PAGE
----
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Mark Cuban on Why the NFL Might Implode in 10 Years

By [Sunday, March 30th, 2014]

Joe Camporeale/USA TODAY Sports

Dallas Mavericks owner Mark Cuban sparked a huge discussion about America’s favorite sport with provocative comments on the NFL prior to a Mavericks game last week. Cuban believes that if the NFL continues to expand and dominate the market, the league may eventually implode.

“I think the NFL is 10 years away from an implosion. When pigs get fat, hogs get slaughtered. And they’re getting hoggy. When you try to take it too far, people turn the other way. I’m just telling you, when you got a good thing and you get greedy, it always, always, always, always, always turns against you.”

Cuban expanded on those thoughts in great detail in a 1,500-word Facebook post Monday, laying out five reasons why he believes the NFL should reevaluate its strategy.

Trademarking Linsanity

By Elliot Solop [Wednesday, May 2nd, 2012]

In the span of 15 days, Harvard alum Jeremy Lin went from riding the leather cushioned pine on Mike Antoni’s bench (there’s no “D” in his name!  Get it?  Ha. Ha ha.  Oh whatever.) to being a worldwide phenomenon. Before February 4th no one knew that Jeremy Lin was a basketball player, now he’s arguably the most famous professional athlete in the world!

With his newfound celebrity comes a lack of privacy and potential exploitation from his biggest fans. According to the USPTO’s trademark electronic search system (www.uspto.gov), there have already been three trademark applications filed for the term “Linsanity”. Out of the three filed trademark applications, two are from commercially driven fans who have high hopes of selling merchandise donning the coined phrase. The third trademark applicant is Jeremy Lin himself. The United States Patent and Trademark Office frowns upon bad faith attempts of trademark applicants to capitalize off of a renowned celebrity.  In addition to multiple trademark applications for “Linsanity”, the domain name www.linsanity.com has also been purchased by a cyber squatter. Generally, courts look down upon cyber squatting with Chris Bosh’s victory in California federal court to reclaim his online presence and identity as a clear cut example of the court’s willingness to protect a celebrity’s right of publicity.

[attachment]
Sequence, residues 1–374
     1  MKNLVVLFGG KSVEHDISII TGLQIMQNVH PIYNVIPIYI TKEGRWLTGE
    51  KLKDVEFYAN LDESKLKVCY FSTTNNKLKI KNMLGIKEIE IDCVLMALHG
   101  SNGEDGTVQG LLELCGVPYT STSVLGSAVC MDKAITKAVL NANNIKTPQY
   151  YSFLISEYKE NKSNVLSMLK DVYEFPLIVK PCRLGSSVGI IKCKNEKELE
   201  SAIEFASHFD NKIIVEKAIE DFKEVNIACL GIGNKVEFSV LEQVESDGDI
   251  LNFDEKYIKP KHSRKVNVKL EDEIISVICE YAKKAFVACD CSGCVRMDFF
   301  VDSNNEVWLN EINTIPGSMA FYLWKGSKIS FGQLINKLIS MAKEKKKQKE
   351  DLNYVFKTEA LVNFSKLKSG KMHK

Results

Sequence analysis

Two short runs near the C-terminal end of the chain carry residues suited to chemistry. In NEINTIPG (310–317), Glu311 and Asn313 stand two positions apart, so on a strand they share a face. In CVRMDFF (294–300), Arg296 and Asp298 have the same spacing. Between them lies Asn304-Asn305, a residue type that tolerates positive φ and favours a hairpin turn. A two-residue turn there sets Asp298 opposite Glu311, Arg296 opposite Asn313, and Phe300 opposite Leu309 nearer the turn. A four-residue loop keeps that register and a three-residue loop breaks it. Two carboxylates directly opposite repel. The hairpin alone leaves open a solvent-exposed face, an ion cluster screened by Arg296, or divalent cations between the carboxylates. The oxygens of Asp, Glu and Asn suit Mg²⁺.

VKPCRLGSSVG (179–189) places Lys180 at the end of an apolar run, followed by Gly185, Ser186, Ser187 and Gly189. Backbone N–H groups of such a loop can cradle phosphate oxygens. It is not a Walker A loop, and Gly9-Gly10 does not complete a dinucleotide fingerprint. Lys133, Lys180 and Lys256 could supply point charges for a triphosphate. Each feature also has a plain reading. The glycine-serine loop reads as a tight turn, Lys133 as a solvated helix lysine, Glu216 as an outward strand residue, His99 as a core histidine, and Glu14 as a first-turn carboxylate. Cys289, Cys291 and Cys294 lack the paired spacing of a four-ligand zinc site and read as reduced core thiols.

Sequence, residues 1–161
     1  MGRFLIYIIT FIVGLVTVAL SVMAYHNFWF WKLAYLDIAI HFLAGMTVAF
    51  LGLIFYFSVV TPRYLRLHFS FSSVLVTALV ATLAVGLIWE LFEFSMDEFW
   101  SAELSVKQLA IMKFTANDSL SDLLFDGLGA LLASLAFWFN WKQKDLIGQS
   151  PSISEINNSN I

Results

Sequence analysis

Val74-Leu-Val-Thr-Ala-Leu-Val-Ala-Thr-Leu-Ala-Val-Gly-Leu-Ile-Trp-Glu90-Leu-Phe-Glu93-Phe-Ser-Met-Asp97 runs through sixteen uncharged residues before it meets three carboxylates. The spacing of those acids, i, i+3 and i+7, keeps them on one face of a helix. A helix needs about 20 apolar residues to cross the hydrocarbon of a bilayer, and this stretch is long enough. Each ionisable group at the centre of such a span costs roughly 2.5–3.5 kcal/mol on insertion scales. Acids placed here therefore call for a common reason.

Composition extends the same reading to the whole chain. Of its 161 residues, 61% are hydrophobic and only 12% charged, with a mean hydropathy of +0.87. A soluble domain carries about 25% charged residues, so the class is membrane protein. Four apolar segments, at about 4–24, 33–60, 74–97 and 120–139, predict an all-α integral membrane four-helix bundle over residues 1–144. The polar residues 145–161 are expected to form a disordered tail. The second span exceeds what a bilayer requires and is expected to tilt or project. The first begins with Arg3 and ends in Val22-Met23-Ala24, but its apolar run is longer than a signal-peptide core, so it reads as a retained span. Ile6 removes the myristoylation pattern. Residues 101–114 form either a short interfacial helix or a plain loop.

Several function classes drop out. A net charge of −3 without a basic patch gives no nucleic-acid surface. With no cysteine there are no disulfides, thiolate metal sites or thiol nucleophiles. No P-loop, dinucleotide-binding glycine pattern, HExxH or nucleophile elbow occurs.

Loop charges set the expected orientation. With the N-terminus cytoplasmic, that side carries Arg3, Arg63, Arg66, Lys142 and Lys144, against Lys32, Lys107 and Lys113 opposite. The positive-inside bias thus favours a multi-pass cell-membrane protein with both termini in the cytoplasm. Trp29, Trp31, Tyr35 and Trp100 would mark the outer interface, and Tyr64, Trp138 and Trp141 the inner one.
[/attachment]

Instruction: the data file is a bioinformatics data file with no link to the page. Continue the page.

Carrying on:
For an athlete of Jeremy Lin’s stature, it is crucial to protect the intellectual property rights associated with his persona and brand. Lin’s talents on and off the court help develop the profitability of a term such as “Linsanity”. The Lanham Act provides an individual the exclusive right to their legal identity for commercial use. In addition to the Lanham Act, the right of publicity is also protected by common law. Considering Lin is lawyered up, I see no reason why his full arsenal of intellectual property will not be protected accordingly.

The Case for the Legalization of Sports Betting in New Jersey

By James O'Donnell [Monday, April 16th, 2012]

In 1992, Congress passed the Professional and Amateur Sports Protection Act (PASPA), which made sports betting illegal nationwide, with the exception of Nevada, Montana, Oregon, and Delaware (all of which had some form of sports betting laws on their books prior to PASPA’s passage).

A special provision was inserted into PASPA specifically tailored to New Jersey, which would grant states that maintained casino gambling for at least 10 years – of which New Jersey was the only state – a one-year period to pass a law legalizing sports betting.  However, the bills proposed during PASPA’s one-year grace period never made it out the legislature and, as a result, sports betting became permanently enjoined in New Jersey, as it was in all other states that did not legalize sports betting prior to the passage of PASPA.